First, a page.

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Report: 4 Keys to Educational Data Systems

While every state in the United States has built up the capacity to collect meaningful longitudinal data related to education, no states are doing all that's necessary to make sure data will be used effectively by stakeholders, according to a report released Wednesday by Data Quality Campaign.

Data Quality Campaign is a coalition representing education-focused foundations, advocacy groups, associations, and other organizations. The group provides resources focused on implementing effective data systems in education, including two sets of key policy priorities: the 10 State Actions to Ensure Effective Data Use and the 10 Essential Elements of a State Longitudinal Data System.

This week, the group held its 2012 National Data Summit and released a followup to a December 2011 report on states' approaches to collecting and sharing educational data. The report, "Data for Action 2011," noted that while most states had adopted at least a couple of DQC's 10 recommendations for effective use of data, none had adopted all of them, and only four--Texas, Arkansas, Florida, and Delaware--have, to date, adopted at least eight of them.

Those 10 recommended actions for states include:

  • Linking K-12 data systems with government agencies, "workforce," early learning, and higher education, a measure that, by DQC's reckoning, has been adopted by just 11 states so far;
  • Implementing supports for longitudinal data systems, adopted by 27 states;
  • Developing governance for data collection and dissemination, in place in 36 states;
  • Creating warehouses for integrated data, the most popular of the action items, with 44 states adopting;
  • Creating systems that protect student privacy but provide "timely access" to "all stakeholders," adopted by just two states;
  • Implementing progress reports designed to help boost student performance on an individual level, currently adopted by 29 states;
  • Implementing reports designed to improve performance at the school, district, and state level, in place in 36 states;
  • Collaborating with researchers and developing "a purposeful research agenda" for mining data for useful information, in place in 31 states;
  • Ensuring that educators are able to use data by implementing professional development and incorporating data use into the credentialing process, adopted by just three states so far; and
  • Promoting awareness of data, including how to access and use it, currently in place in 23 states.

To help accelerate adoption of all of the action points in the Data for Action plan, the Data Quality Campaign issued four calls to action to policymakers, dubbed "Game-Changing Priorities for States."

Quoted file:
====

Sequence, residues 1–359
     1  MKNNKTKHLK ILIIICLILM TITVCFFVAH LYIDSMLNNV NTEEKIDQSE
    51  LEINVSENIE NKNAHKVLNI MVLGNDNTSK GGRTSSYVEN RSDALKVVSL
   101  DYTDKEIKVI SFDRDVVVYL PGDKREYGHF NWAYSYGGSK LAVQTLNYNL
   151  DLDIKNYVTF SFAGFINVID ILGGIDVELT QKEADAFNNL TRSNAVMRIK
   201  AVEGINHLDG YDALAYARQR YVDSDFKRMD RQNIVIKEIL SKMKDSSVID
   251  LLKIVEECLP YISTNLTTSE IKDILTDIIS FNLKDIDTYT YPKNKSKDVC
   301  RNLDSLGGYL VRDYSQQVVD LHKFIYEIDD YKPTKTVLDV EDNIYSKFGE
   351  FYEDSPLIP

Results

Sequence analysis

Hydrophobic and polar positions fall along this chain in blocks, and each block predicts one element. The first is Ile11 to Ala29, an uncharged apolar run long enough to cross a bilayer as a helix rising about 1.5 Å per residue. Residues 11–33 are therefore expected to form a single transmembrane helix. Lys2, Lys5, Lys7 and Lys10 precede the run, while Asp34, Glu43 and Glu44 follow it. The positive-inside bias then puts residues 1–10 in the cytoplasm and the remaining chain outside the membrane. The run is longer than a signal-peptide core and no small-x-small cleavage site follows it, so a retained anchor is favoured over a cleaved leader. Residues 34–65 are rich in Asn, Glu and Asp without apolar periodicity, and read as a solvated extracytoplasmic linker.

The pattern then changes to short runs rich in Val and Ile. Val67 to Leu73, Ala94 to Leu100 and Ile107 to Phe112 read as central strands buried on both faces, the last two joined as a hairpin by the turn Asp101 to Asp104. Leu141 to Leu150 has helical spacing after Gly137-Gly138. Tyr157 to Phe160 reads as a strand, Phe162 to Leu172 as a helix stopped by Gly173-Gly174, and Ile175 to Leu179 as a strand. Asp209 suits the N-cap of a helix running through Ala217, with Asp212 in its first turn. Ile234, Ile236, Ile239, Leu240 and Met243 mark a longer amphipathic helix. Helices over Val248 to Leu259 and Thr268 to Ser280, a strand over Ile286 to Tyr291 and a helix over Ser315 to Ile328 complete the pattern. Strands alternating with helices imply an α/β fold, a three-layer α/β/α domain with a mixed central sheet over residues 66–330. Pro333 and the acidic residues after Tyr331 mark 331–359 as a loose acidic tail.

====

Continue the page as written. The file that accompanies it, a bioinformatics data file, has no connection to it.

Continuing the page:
Those included:

  1. Taking public input and identifying important policies that "will inform the development, implementation, and evaluation of the state’s data efforts";
  2. Among K-12, pre-K, higher education, and workforce data governance bodies, establishing "decision-making authority" for tackling issues of data use;
  3. Reporting teacher effectiveness data to the schools that prepared them; and
  4. Continuing to address the needs of end users by determining whether existing tools are effective and fixing or refining them when they are not.

During Wednesday's Data Quality Campaign summit, prominent education leaders--including United States Secretary of Education Arne Duncan--discussed the need for more effective use of data. Duncan, among others, emphasized that the collection of data is not an end in itself.

"Our goal here is not data," Duncan said. "Our goal is to change behavior." Duncan made his remarks at a roundtable focused on data use in education during the National Data Summit.

Duncan also emphasized the need for quality data in light of the current budgetary hardships that schools are facing. He said that, without data, he's seen education systems cutting programs across the board rather than reducing funding on programs that don't work and investing more heavily in those that do.

"Some things you should be cutting 100 percent; [in] some things you should be tripling your investment," he said. "But the only way you make those decisions is to have some ability to look at [return on investment, or ROI]. But what you see all the time is ... [decision makers] just cut everything. That just tells me they have no idea of all their investments what's making a difference and what's not."

Additional details about the calls to action and DQC's educational data policy activities can be found on Data Quality Campaign's site.

About the Author

David Nagel is the former editorial director of 1105 Media's Education Group and editor-in-chief of THE Journal, STEAM Universe, and Spaces4Learning. A 30-year publishing veteran, Nagel has led or contributed to dozens of technology, art, marketing, media, and business publications.

He can be reached at [email protected]. You can also connect with him on LinkedIn at https://www.linkedin.com/in/davidrnagel/ .